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Ratzinger's Faith: The Theology of Pope Benedict XVI Hardcover – March 20, 2008
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"The pope's deep and passionate love for the adventure of theology shines through this text, which is geared to the reasonably educated lay reader. Not only papal enthusiasts but also libraries and professional theologians will want to have this book." --Theological Studies
""Both intellectually sophisticated and yet aimed at the ordinary educated reader...Provides valuable insight into how an influential contemporary theologian and--perhaps--other members of her circle view the development of contemporary Catholic theology and Ratzinger's role in it." --The Thomist
About the Author
Tracey Rowland is Dean and Associate Professor of Political Philosophy and Continental Theology of the John Paul II Institute, Melbourne, Australia, and Member of the Centre of Theology and Philosophy at the University of Nottingham.
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Writing from the church's conservative/traditionalist wing, Rowland does a surprisingly good job at being analytical and objective in her analysis and assessment of Ratzinger's theology, as well as looking at some of the social influences on his beliefs. While she does not hide her sympathy for Ratzinger's views and his overall project of winding back Vatican II and restoring the Tridentine form of Catholicism as the norm, she does so without engaging in bitter polemics or emotional hysterics so many of her Traditionalist friends do when looking at the lamentable state of the post Vatican II Australian Catholic church.
While I don't agree with her views or conclusions in the book, it is well written and thoughtfully presented enough to be a valuable addition to any person interested in this key figure in recent church history.
Rowland pulls together a wide range of material and synthesizes it quite well. Unlike Nicol's book, which just walks the reader through some early texts (where he seems to simply restate what Ratzinger just wrote) and other books which attempt to polemicize him needlessly, this one honestly looks at the controversial aspects of his insights, but not in a hysterical tone.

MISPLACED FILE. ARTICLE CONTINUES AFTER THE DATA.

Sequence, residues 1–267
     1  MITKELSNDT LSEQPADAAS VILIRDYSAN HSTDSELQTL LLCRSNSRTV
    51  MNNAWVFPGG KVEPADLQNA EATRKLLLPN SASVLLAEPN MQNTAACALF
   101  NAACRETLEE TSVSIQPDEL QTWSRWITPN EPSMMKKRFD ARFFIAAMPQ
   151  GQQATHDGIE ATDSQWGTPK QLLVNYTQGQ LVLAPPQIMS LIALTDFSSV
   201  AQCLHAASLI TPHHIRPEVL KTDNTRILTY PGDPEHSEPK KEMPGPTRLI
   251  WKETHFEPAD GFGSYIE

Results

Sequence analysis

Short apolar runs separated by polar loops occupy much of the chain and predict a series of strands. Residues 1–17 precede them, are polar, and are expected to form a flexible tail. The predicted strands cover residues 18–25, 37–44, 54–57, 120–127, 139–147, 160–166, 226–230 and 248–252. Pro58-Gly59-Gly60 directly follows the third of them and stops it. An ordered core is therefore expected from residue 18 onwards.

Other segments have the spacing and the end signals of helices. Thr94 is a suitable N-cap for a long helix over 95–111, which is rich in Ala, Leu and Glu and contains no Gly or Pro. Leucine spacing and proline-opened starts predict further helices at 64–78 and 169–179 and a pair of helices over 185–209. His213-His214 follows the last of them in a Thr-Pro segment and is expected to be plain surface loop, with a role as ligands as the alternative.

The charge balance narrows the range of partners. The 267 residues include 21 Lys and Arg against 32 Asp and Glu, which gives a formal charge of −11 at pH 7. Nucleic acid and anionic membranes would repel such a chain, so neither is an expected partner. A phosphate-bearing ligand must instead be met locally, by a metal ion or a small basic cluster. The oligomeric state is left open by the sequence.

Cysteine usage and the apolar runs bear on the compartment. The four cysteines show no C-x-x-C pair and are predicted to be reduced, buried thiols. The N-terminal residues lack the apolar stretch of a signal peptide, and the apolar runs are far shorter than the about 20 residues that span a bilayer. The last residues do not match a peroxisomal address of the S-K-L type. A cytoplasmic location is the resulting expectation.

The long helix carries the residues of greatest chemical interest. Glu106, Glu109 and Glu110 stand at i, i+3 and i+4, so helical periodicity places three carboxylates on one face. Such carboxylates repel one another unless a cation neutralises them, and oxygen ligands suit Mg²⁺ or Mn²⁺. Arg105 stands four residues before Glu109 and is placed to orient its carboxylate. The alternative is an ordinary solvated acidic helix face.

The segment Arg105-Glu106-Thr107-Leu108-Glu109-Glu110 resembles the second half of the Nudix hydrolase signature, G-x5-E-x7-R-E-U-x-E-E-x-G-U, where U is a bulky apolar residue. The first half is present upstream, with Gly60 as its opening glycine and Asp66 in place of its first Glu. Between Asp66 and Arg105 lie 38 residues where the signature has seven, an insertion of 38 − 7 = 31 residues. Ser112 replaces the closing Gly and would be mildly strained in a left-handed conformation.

She moves from some of his earlier ideas into his later thought, again done thematically. I thought she also provided excellent insight into the general theological atmosphere in which Ratzinger wrote. She contextualizes in a straightforward manner that allows the reader to grasp the significance and deeper targets Ratzinger sets his sights on. One glaring omission in the text is handled deftly by Hahn in his book Covenant and Communion (2009). While Rowland covers the wide range of Ratzinger's thought, Hahn tackles Ratzinger's understanding of Scripture and synthesizes a tremendous amount of the pope's scholarship in order to develop the heart of Ratzinger's theology: a eucharistic/Christological/sacramental communio ecclesiology.
For those not versed in theology, Rowland will require some work. It is worth it. Those versed in the field will find this extremely insightful. It is a must read for those who want to delve into Benedict's work and gain some sense of coherence and direction.
The Communion school of theology and its Ressourcement project would seem to be vibrant with not only the Holy Father but Cardinals Scola and Ouelet among others leading the cutting edge of a Christo-centric, Trinitarian and Nuptial reading within the Tradition. All of this can be said to have begun well prior to Vatican II - John Henry Newman emphasized the importance of being "deep in history" and led a recovery of interest in the Fathers which echoed to Przywara and Balthasar. To derrogate the importance of history in theology is to have failed to grasp the central and burning question facing theology in this and the later part of the last century. This is not to be anti-Thomas but to fossilise the Angelic doctor and to rely on Suarezian systematised parodies of his insights is not only absurd but does a great disservice to the man who was a disciple of St Augustine and whose Catena Aurea shows him to be deep in history and the tradition of the Fathers.
The forces of liberal secularisation are to the Church more grave a threat and as real as those she faced against the ideology of dialectical materialism during the Cold War. It is now secular post-modern materialism which threatens. History and our patrimony and identity are vital theological questions not only for the institution of the Church, the family and all Christians and persons of goodwill if we are to survive in a secular world which ignores with some justified disinterest mere bald statements of a dogma, doctrine, rules or even (pace, dear scholastic) down-pat syllogisms.
We do not abandon all the rules but our faith, but the faith of the Church is not moralism (merely a set of rules to be followed - a code of ethics): it is about being in love with a person (Deus Caritas Est). We accept the Church's teachings as true for they are His (the love of our heart) own, as Newman put it in his hymn. These teachings are His Church's, the mediatrix between Being and Time (Principles of Catholic Theology), and we accept them in love because the Church - the Communio Ecclesia - is His spouse(in history). We cannot save ourselves (Spe Salvi) and we cannot be saved by systems, rules, goods of flourishing (unless the good is Christ) or a school of theology, even noble Thomism, let alone other worthy -isms.
Anyone interested in the renewal of Catholic theology will find this book essential and compelling reading.